Figures released yesterday from the National Association of Estate Agents reveal only 3% of homes sold in June were to buyers aged 18-30, research from Experian, the global information services company, suggest this could be due to young homebuyers severely overestimating the affordability of mortgages.

The NAEA figures mark a steep fall from last August, when the age group made up 12% of homebuyers. This follows April’s Mortgage Market Review (MMR) which specified that all mortgage borrowers will need to show they have considered how they will be able to manage their repayments in the long term – for example, in the event of an interest rate rise.

Despite the MMR’s emphasis on affordability, Experian found that a third of all would-be 18-29 year old buyers surveyed admit they currently find it difficult to budget each month.

·         Half (52%) confessed to overspending in the last month;

·         A quarter had to dip into their overdraft last month – 12% heavily;

·         One in six (18%) say they are unable to cut back outgoings any further

Research also suggests that many young homebuyers may be guilty of complacency when it comes to getting their credit score and financial situation in order. One in ten (9%) do not plan to prepare their finances before their mortgage application, while another fifth (19%) only plan on preparing a month prior to their application.

Moreover, fewer than one in ten (8%) have checked their credit score in the last six months, which would help provide a clear picture of their financial situation and how they are likely to be viewed by lenders – including how competitive a mortgage offer might be.

What’s more, only a third (34%) plan to clear outstanding debt before applying for a mortgage and under a fifth (18%) to even pay down their borrowing, actions that will improve borrowers’ credit scores and free up additional funds each month.

Peter Turner, Managing Director, Experian Consumer Services, UK & Ireland, commented:

“These findings show just how important it is for young people to get their finances in the best shape possible in advance of a mortgage application. Interest rates have been low and stable for so long that the current generation of first-time buyers has never known it any other way. But as the economy improves, interest rates will inevitably rise, and could rise several times. It’s therefore vital that young people seize control of their financial situation to get themselves in the best possible shape. Improving your credit score is critical for younger borrowers, many who may not have built up a sufficient credit history or may be unaware how their past repayment affects future borrowing.”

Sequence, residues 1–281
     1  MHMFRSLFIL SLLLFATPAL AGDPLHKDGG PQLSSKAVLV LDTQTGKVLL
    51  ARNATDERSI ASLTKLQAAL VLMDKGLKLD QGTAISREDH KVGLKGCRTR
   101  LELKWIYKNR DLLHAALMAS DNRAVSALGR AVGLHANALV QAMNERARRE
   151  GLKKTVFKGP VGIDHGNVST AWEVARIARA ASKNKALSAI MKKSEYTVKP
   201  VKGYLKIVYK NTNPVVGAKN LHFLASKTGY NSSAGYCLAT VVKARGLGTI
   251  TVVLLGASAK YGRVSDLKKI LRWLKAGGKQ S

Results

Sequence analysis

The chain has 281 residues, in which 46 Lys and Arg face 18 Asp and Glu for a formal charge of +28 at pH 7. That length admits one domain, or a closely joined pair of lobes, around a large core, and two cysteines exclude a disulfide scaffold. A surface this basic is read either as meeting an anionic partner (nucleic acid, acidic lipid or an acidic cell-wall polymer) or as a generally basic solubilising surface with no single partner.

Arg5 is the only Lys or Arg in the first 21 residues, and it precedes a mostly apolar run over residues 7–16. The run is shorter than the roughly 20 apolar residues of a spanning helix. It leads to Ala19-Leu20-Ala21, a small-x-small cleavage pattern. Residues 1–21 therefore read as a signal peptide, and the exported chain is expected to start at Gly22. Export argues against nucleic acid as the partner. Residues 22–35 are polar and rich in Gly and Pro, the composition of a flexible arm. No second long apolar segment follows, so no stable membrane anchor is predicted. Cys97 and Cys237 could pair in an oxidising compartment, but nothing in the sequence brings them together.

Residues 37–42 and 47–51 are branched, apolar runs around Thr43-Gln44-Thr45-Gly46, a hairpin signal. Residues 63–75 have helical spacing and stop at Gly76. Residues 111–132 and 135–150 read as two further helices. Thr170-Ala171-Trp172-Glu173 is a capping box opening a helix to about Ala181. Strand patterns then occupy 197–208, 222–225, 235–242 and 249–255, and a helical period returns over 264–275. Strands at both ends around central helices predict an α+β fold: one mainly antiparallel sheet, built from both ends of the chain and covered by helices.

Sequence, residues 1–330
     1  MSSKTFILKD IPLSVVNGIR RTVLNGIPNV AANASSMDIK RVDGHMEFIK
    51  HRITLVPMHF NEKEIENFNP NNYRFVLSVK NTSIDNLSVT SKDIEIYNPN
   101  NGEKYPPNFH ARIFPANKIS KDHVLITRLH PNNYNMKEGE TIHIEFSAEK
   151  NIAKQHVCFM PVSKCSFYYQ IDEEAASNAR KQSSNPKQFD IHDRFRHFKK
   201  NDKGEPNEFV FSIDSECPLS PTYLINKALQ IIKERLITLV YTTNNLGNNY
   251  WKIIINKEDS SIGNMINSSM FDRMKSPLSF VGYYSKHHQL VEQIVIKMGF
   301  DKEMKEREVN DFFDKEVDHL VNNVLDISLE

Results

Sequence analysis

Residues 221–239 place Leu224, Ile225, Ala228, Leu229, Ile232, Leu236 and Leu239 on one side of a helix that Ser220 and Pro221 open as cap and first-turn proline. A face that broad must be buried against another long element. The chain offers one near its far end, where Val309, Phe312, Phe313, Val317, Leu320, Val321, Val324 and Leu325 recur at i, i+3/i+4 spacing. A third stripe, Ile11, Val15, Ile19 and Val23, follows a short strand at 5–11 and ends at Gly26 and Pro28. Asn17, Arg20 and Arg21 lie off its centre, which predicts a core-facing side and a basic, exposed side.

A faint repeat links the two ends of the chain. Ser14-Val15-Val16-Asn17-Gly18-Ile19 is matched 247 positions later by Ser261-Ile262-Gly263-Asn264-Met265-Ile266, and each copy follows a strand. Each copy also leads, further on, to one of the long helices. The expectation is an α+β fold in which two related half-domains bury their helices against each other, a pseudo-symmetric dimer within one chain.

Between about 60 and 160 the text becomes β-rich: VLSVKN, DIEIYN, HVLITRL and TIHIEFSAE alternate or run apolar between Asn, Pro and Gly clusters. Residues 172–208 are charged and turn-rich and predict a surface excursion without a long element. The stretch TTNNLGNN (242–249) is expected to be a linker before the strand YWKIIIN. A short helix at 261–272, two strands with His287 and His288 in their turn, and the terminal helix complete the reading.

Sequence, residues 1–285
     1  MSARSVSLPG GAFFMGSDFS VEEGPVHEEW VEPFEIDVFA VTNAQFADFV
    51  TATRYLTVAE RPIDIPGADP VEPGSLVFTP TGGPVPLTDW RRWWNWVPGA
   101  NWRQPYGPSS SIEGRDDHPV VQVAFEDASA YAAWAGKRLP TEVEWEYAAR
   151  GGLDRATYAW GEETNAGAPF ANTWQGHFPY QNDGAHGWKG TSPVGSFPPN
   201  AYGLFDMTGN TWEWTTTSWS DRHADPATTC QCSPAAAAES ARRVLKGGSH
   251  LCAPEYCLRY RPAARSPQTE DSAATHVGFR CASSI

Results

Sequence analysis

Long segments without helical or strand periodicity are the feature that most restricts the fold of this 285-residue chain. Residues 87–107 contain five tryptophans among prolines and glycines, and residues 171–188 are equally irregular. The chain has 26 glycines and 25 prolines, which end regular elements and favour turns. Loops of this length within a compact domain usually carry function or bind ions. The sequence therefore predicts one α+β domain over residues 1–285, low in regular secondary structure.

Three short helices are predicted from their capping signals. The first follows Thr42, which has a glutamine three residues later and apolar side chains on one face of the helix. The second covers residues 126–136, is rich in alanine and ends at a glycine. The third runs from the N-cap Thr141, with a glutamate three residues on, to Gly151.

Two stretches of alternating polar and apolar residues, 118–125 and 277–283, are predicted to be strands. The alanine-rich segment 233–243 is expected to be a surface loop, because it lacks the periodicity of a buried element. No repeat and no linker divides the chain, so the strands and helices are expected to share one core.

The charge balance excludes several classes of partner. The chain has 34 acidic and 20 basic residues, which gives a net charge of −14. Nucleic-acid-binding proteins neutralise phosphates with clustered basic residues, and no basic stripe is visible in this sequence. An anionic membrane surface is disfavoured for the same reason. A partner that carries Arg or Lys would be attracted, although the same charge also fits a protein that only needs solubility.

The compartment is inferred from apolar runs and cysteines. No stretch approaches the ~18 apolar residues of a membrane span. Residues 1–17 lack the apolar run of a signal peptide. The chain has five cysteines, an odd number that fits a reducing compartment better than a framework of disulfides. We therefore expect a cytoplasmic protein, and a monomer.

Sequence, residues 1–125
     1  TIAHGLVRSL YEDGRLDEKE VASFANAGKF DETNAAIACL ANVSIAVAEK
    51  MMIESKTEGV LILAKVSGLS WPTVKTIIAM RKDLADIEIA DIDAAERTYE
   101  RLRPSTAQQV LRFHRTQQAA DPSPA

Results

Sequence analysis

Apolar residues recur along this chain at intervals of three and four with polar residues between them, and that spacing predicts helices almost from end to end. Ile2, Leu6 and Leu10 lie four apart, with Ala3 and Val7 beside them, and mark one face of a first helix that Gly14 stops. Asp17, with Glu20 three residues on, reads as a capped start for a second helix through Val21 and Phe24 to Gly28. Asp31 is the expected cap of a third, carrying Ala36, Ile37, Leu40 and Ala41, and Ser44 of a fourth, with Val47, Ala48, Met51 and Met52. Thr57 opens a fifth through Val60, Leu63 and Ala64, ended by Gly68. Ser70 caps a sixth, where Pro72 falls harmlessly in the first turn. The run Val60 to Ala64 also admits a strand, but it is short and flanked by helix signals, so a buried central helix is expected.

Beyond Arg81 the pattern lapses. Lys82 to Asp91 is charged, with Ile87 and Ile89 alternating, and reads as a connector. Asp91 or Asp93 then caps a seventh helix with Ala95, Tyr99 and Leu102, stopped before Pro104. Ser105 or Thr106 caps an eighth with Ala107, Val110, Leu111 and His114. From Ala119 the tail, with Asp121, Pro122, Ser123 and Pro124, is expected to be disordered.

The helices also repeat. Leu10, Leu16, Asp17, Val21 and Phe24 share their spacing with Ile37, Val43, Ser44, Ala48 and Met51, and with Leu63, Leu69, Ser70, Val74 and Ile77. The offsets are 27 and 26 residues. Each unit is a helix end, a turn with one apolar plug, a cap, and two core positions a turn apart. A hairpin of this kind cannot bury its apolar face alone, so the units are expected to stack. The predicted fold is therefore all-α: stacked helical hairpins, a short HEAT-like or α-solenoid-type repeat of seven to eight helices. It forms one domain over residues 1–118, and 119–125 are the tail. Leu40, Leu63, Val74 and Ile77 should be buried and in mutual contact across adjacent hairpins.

Here are some simple tips from Experian CreditExpert to help young mortgage applicants get the best interest rates possible:

1.    Know your budget. As soon as you decide to look for a property, scrutinise your last few months’ outgoings carefully to understand your spending habits. Are there things you could do without to finish each month with cash in the bank?

2.    Know what you can really afford. Visit a broker or use an online mortgage calculator to work out your likely repayments. Importantly, play with the interest rate settings to see if you could afford repayments if rates rise by 1%, 2% or more.

3.    Make sure your credit report is up to date. As well as checking your outgoings, you should also check your credit report, which includes a record of all your borrowing over the last six years. Ensure everything is accurate and up-to-date.

4.    Does your Experian Credit Score need work? The Experian Credit Score is a guide to help you understand how a lender might score your credit worthiness. If it’s lower than you expected, ask the experts for help and ensure your credit report paints the best picture possible before you make your application.

5.    Build good behaviours. Finally, from now until your application, try to appear like an ideal mortgage borrower. Show you can make it through several months with a slight surplus. Don’t take out additional borrowing and try to demonstrate you can comfortably manage any outstanding credit commitments you have

Research was carried out online by Canadean Consumer in April 2014 on behalf of Experian CreditExpert among a representative panel of 1,457 UK adults looking to buy a property in the next year.